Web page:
Hage, Michael
Over the past few drafts, the Bruins have made a concerted effort to identify center prospects. They selected centers with three of their five picks in the 2023 draft. It paid off this season as second-round pick Matthew Poitras from the 2022 Draft made his debut and had a respectable rookie season up until his shoulder surgery in February that ended his career. I didn’t believe that centers would be a top priority for them this year, considering how many centers they’ve chosen in Rounds 2 through 4 of the previous drafts.

However, now that the Bruins have a first-round pick, this could be their chance to add a center prospect who could be ready for the NHL sooner than other prospects in the system. Michael Hage is one of the players who might still be available at pick number 25, and the team might be eager to take one given their dearth of center depth. According to a few rankings, he will explode between 24 and 28, which is ideal for Boston.

Several NHL teams are showing a lot of interest in Hage. Due to a shoulder injury, he missed the majority of 2022–2023; however, he recovered to become a valuable member of the Chicago Steel of the USHL. Scouting reports highlight his exceptional skating and playmaking prowess, as well as his improvement on the defensive end of the field over the previous campaign. With 33 goals and 75 points in 54 games, he was selected for the USHL’s inaugural all-star team. He has pledged to attend the University of Michigan, which in recent years has produced a lot of elite players.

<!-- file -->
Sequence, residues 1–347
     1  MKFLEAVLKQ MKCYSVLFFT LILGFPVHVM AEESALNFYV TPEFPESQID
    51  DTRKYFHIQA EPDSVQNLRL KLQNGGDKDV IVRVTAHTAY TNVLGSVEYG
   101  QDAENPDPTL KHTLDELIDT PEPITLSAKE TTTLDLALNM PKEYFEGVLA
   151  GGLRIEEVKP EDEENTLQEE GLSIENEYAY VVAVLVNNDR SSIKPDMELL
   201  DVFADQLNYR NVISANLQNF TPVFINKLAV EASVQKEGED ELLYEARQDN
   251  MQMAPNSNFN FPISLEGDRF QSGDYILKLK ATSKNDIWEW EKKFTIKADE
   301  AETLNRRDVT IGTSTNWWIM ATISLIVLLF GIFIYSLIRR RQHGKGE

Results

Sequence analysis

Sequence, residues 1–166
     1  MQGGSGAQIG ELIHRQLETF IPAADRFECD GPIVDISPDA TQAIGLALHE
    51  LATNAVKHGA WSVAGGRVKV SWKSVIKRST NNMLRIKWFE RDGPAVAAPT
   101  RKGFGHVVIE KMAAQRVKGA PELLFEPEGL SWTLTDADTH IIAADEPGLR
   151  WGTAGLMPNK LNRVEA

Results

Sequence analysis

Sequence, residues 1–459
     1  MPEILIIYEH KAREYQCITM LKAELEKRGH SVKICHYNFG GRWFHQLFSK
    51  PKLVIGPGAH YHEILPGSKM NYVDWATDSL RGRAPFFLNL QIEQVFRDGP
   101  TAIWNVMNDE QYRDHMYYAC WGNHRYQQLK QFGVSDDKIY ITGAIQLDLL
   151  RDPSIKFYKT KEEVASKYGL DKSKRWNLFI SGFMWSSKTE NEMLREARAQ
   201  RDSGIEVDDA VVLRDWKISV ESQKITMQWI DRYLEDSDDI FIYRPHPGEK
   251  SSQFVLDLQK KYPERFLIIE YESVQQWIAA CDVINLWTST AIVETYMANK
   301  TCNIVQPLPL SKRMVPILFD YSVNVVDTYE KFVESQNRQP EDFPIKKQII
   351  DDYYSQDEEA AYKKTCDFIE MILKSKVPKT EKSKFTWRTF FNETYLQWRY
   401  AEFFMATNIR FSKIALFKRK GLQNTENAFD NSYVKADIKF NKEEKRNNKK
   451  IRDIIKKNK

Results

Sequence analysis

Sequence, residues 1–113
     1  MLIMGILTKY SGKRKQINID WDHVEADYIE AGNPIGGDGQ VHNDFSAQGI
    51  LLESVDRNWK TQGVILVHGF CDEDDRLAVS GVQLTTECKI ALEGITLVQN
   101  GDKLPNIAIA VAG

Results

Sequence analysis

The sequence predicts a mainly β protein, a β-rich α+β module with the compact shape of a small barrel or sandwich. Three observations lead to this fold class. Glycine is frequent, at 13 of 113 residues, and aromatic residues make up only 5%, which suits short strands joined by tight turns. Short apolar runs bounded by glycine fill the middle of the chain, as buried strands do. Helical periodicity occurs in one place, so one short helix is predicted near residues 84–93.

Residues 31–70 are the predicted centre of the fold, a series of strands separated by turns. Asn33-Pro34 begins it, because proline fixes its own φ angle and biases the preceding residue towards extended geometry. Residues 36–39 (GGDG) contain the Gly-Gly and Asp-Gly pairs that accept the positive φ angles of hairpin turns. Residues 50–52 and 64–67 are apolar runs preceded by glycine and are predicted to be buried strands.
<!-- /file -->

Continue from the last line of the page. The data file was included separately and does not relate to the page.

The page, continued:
Hage has the potential to be remembered as this draft class’s steal in subsequent seasons. Could he have been ranked higher if he hadn’t been restricted to just 13 games in 2022–2023? If he is still available at pick 25, he is undoubtedly a fascinating prospect and a great addition to the Bruins’ pipeline.

Luchanko Jett
Jett Luchanko is another center that the Bruins may still be able to select at pick 25 if Hage is not selected. His draft standing has increased recently as a result of his excellent play in the second half of the Guelph Storm’s Ontario Hockey League (OHL) season. With 74 points in 68 games, he placed among the top 30 scorers in the Ontario Hockey League.

Luchanko has garnered recognition for his exceptional skill set and willingness to compete for the puck, all while putting up impressive stats. He not only possesses excellent offensive skills but has already shown great defensive ability, and great two-way centers are highly valued in Boston. Despite his many excellent qualities, he has gone somewhat unnoticed, which could work to the Bruins’ advantage given that he is still available late in the first round.

Choose the Greatest Talent on Hand
Ultimately, it’s difficult to say with certainty who will be available when the Bruins select at number 25. To put it bluntly, the front office must choose the player who is obviously the best available if he is still available. The team just needs the best player available, not so much as to prioritize a position with this pick.

The pool of potential Bruins players isn’t always as small as people assume, in my opinion. A few of their players are still growing and could become real NHL players. However, they could still use some more well-known prospects who are likely to be ready to make the jump to the NHL sooner and who are entering the league with a little more polish.

The fact that the Bruins are back in the first round for the first time since 2021 is undoubtedly exciting. Every year, the NHL Draft marks a high point for the league. To prepare for the big day, be sure to check out The Hockey Writers Draft Guide.